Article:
With the exception of organic, which is monitored to varying degrees of successfulness by the United States Department of Agriculture (USDA), the rest of the terms represent more of a philosophy than concrete definition.
Organic food has been regulated by the USDA’s National Organic Program since 2002, and requires food labeled as organic to be free of chemicals, pesticides, sewage, sludge, and Genetically Modified Organisms (GMOs). To be organic also comes with the requirement that the food be produced in a way that promotes ecological balance and conservation of biodiversity.
The USDA National Organic Program established four organic classifications:
- One hundred percent organic – food contains 100 percent organic certified ingredients
- Organic – food contains at least 95 percent certified organic ingredients
- Made With Organic Ingredients – food contains at least 70 percent certified organic ingredients
- Other – food made with less than 70 percent organic ingredients may list organic ingredients on packaging label but may not use the USDA organic label
The U.S. government defined sustainable agriculture in the Food, Agriculture, Conservation and Trace Act of 1990 as “an integrated system of plant and animal production practices having a site-specific application that will, over the long term, satisfy human food and fiber needs; enhance environmental quality and the natural resource base upon which the agricultural economy depends; make the most efficient use of nonrenewable resources and on-farm resources and integrate, where appropriate, natural biological cycles and controls; sustain the economic viability of farm operations; and enhance the quality of life for farmers and society as a whole.”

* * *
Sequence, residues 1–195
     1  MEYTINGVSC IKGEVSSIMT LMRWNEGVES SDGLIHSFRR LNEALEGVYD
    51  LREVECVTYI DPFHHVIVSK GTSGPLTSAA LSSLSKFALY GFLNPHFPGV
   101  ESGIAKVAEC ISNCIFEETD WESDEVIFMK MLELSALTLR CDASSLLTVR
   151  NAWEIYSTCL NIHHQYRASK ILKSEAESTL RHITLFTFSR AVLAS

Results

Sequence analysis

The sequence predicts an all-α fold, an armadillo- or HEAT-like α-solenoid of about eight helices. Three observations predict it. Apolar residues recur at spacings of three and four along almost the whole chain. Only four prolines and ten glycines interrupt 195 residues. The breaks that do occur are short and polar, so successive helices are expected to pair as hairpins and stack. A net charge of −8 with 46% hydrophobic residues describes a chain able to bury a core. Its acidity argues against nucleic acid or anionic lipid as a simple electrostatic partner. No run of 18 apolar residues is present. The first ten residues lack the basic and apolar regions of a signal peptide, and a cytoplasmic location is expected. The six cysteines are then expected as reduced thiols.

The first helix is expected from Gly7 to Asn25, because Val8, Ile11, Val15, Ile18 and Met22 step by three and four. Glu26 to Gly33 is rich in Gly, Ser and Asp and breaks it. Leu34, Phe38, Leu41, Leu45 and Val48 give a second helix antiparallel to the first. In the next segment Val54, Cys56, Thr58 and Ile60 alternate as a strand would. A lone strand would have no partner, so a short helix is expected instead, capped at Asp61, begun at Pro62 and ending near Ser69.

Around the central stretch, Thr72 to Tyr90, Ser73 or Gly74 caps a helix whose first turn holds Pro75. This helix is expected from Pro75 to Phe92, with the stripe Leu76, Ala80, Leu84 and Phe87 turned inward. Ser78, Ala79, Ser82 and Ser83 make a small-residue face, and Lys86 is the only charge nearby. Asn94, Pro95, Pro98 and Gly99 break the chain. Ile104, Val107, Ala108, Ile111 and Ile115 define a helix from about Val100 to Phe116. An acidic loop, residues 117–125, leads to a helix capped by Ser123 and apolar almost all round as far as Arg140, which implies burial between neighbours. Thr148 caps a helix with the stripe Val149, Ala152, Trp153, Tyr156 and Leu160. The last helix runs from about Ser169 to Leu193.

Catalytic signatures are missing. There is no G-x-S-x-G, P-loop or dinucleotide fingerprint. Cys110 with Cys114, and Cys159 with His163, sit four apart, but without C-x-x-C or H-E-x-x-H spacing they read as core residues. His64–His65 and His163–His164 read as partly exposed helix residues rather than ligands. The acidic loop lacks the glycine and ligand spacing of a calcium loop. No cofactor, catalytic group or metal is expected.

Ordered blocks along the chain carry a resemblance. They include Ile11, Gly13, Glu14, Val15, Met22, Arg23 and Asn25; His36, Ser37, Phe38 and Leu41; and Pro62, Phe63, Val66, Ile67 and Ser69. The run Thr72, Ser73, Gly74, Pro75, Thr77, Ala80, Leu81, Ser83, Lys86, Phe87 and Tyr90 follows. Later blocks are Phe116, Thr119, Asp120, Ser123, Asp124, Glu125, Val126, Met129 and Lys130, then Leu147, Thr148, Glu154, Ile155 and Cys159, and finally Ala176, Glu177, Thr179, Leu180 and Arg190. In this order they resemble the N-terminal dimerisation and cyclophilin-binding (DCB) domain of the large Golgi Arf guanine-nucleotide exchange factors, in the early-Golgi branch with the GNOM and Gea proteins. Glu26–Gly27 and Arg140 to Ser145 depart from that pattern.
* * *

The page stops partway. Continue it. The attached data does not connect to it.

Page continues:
Congratulate yourself if after reading that you’re not more confused, but sustainable food is best defined by those who practice it everyday.
The Sustainable Food Laboratory is a Vermont-based organization and a leader in the field of sustainable food.
“We define a sustainable food and agriculture system as one in which the food we eat is affordable, safe and promotes our health; the fertility of our soil is maintained and improved; the availability and quality of water are protected and enhanced; our biodiversity is protected; farmers, farm workers, and all other actors in value chains have livable incomes; the food we eat is affordable and promotes our health; sustainable businesses can thrive; and the flow of energy and the discharge of waste, including greenhouse gas emissions, are within the capacity of the earth to absorb forever.”
Columbia University’s Food Sustainably Project is a student-run organization that aims to promote sustainable food systems for an urban environment.
“Sustainable food to us is food that is healthy for people, and for the environment, and is produced in such a way that it promotes the security of global food production abilities in the future by conserving nutrients, water, and bio diversity, and seeds—through harvesting—preventing erosion,” Kristina Gsell of Columbia-Harlem Small Business Development Center and the Former President of the Food Sustainably Project said.
In other words, sustainable food is a philosophy of growing, producing, and eating food in a way that respects the environment, animals, farmers and farmer workers, is healthy for consumers, and supports farmers and their local communities.